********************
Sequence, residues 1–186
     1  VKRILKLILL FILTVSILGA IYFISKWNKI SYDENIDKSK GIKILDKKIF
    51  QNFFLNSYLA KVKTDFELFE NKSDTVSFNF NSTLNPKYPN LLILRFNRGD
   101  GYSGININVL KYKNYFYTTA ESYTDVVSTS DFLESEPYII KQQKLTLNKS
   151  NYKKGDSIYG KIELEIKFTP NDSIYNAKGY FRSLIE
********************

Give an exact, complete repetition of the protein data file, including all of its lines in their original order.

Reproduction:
Sequence, residues 1–186
     1  VKRILKLILL FILTVSILGA IYFISKWNKI SYDENIDKSK GIKILDKKIF
    51  QNFFLNSYLA KVKTDFELFE NKSDTVSFNF NSTLNPKYPN LLILRFNRGD
   101  GYSGININVL KYKNYFYTTA ESYTDVVSTS DFLESEPYII KQQKLTLNKS
   151  NYKKGDSIYG KIELEIKFTP NDSIYNAKGY FRSLIE